“Separate from the narrow question of recognition, I am concerned in the long run about the shift in public opinion in the U.K. and beyond towards Israel,” [says Gould.] “Israel lost support after this summer’s conflict, and after the series of announcements on settlements. This Parliamentary vote is a sign of the way the wind is blowing, and will continue to blow without any progress towards peace.”

 

UK House of Commons debate on the use of force in Iraq, 26 September 2014

Published on September 25, 2014        Author: 

On September 26th, the UK House of Commons will debate a Parliamentary motion which seeks to authorise:

Her Majesty’s government, working with allies, in supporting the government of Iraq in protecting civilians and restoring its territorial integrity, including the use of UK air strikes to support Iraqi, including Kurdish, security forces’ efforts against ISIL in Iraq.

The motion expressly states that it does not endorse air strikes in Syria, the authorisation for which would require a separate vote in Parliament, and that the government will not deploy UK troops in ground combat operations. The text of the motion is here. The UK government’s legal position is that there is “a clear and unequivocal legal basis for deployment of UK forces”.  A summary of this position is here.

So what do you think?

 

The Killer Whales of The Hague

Published on August 28, 2014        Author:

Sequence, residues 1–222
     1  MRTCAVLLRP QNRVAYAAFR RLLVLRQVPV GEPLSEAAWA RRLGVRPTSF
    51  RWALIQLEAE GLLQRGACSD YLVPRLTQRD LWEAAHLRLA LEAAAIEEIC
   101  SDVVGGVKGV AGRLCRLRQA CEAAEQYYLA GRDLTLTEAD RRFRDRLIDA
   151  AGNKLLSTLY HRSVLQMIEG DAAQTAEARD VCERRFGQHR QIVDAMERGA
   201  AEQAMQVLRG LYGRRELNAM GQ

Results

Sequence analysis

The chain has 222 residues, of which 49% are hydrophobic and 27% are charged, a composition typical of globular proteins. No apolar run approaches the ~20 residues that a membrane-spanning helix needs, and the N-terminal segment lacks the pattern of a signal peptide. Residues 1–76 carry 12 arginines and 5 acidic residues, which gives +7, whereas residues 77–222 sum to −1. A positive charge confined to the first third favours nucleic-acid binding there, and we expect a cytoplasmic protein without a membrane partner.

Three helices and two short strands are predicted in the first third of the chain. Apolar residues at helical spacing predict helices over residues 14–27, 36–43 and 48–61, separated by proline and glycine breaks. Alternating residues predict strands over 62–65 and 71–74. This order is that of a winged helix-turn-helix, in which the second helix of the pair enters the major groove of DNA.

It was a pleasure to read Gleider’s thoughtful monograph The International Court of Justice and the Judicial Function, which presents a constructivist account of the operation of the International Court and the role of its judges. There is much to commend in this work, which starts squarely from the position that the analysis of international courts should not be based on constitutional expectations drawn from domestic systems. I particularly appreciated the attention he paid to the Court’s deliberative process: like him, I think that this is too often ignored in the analysis of the Court’s jurisprudence. I am, however, less sanguine than he is about the implications of this process for the normative consequences of the Court’s jurisprudence.

Gleider has a robust view of the Court’s role in the development of international law:

Once a general statement on a legal principle or rule has been elucidated by the Court, channelled into the judicial form and given the imprimatur of judicial authority that accompanies the Court, both parties before it and non-parties cannot in good faith contest that principle. The existence of that principle itself becomes part of international legal argument, offering a body of evidence an materials that can be relied on by States, and thus stabilizing their ‘normative expectations’. (p. 90: notes omitted)